I wonder how many Apple users would enjoy not paying interchange?
PoS is dying
I mentioned the flexibility of current point-of-sale systems above. The truth is, PoS is also dying. Amazon Go’s checkout-free experience demonstrates a shopping paradigm where payment happens via an existing account, automatically.
As the online shopping experience continues to bleed into brick-and-mortar, we’ll see even more companies following this trend. If you don’t need to swipe a card at checkout, do you need a card at all?
The 70-year mass adoption cycle of checks and cards will be much shorter for future payment innovations.
Crypto is an obvious candidate for disrupting the interchange model (…or replacing it with gas fees?). Crypto is especially compelling as a way to accelerate adoption internationally.
It’s wacky that your credit card company gives you kick backs for certain brands. Brands are going to short circuit this and have loyalty + payment programs akin to Starbucks and Target.
In 2011 the Durbin Amendment went into effect. This ruling capped the interchange that large banks could charge at 0.05% + 21 cents. Prior to Durbin amendment, unregulated fees were about 44 cents per transaction.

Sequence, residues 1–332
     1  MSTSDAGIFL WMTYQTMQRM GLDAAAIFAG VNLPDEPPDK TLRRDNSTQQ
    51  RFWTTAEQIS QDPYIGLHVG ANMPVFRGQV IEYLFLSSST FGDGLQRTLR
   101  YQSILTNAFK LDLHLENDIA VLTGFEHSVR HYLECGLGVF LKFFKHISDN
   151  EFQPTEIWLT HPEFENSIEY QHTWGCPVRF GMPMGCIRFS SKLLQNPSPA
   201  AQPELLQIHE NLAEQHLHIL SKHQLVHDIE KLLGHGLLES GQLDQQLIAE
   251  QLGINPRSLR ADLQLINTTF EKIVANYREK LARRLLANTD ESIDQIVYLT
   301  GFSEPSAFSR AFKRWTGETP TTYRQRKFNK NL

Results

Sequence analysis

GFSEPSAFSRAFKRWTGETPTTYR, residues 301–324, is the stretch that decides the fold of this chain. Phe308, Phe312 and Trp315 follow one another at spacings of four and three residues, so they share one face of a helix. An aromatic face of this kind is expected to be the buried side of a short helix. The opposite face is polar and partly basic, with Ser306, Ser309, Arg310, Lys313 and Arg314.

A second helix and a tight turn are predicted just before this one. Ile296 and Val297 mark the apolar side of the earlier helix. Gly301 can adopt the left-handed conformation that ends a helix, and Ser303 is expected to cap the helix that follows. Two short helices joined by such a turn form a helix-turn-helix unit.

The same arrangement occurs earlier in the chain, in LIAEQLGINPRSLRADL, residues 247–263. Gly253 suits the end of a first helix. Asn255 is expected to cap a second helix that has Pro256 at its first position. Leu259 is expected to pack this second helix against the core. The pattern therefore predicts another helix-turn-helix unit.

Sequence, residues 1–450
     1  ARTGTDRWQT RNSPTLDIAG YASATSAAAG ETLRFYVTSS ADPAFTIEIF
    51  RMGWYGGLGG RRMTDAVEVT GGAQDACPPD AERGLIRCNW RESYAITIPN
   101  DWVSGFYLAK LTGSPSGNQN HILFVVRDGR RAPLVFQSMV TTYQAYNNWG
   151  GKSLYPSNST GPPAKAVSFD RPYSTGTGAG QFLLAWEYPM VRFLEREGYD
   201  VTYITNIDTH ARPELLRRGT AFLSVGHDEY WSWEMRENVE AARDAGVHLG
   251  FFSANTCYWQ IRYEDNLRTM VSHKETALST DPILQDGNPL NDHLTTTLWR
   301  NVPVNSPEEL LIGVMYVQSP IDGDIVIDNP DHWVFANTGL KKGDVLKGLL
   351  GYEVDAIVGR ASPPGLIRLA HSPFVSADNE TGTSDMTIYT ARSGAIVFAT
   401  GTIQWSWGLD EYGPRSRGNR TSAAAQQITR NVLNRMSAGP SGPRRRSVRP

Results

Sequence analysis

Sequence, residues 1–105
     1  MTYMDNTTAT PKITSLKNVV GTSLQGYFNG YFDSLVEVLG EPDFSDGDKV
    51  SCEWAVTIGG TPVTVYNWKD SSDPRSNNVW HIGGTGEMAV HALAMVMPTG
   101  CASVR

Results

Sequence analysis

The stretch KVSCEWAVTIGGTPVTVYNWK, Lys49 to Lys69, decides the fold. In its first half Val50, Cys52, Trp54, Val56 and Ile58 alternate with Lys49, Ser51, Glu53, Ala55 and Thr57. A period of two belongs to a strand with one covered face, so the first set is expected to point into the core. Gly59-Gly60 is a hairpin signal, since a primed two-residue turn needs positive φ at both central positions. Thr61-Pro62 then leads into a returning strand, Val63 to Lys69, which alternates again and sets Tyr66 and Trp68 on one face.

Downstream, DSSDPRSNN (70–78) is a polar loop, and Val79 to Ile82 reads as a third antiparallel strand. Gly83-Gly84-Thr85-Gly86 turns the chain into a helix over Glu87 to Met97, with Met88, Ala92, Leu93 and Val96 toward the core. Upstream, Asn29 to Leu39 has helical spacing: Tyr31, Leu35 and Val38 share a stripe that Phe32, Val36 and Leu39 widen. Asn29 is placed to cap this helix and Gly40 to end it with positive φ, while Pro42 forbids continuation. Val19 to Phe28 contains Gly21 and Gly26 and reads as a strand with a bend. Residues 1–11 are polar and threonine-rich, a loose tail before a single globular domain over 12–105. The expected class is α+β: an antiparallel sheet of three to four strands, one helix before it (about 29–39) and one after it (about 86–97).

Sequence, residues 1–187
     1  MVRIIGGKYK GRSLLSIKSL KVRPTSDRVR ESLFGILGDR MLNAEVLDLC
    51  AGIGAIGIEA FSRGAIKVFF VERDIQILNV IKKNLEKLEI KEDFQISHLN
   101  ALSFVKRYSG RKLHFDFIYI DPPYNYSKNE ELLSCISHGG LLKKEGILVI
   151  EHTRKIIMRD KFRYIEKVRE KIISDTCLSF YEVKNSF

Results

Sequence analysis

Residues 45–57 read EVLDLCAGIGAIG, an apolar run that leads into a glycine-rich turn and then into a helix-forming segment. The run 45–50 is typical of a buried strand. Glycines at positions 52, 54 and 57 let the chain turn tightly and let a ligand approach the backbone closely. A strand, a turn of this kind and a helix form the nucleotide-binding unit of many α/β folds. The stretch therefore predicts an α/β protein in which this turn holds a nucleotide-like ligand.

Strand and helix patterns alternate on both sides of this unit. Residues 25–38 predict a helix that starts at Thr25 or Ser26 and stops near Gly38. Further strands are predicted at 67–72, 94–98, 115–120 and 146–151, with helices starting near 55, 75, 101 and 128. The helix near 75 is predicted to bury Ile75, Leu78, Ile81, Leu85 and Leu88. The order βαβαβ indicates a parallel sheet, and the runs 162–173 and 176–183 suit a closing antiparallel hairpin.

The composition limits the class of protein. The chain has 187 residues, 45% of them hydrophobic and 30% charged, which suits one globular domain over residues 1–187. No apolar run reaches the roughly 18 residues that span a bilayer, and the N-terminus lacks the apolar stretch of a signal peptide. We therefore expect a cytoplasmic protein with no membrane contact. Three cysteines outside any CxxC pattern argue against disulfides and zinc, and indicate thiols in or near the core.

This amendment offers a glimpse of what subsequent legislation could do to shake up the margins in this space. Especially as legislators realize that the marginal cost of payments continues to decline.
If you’re building a business based on interchange, you’re probably fine for now. Don’t panic. Do invest serious thought into how you can adjust the business in the event that interchange slips away.
BaaS providers and card issuers should become as close as possible to the payments infrastructure players (Apple, Google, Stripe). Ideally they can strike a deal to partner on any new products those players decide to roll out. The temptation will be to resist due to the risk of cannibalization.
This is not intended to be a “All these companies are going to die” post. Instead, I hope it serves as encouragement for startups to think about proactively diversifying their revenue streams early.
A great way to do this is by partnering with other Fintechs to offer a more full product suite and sharing the profits.
I’m also excited to hear where I’m wrong and what I’m missing. Let me know!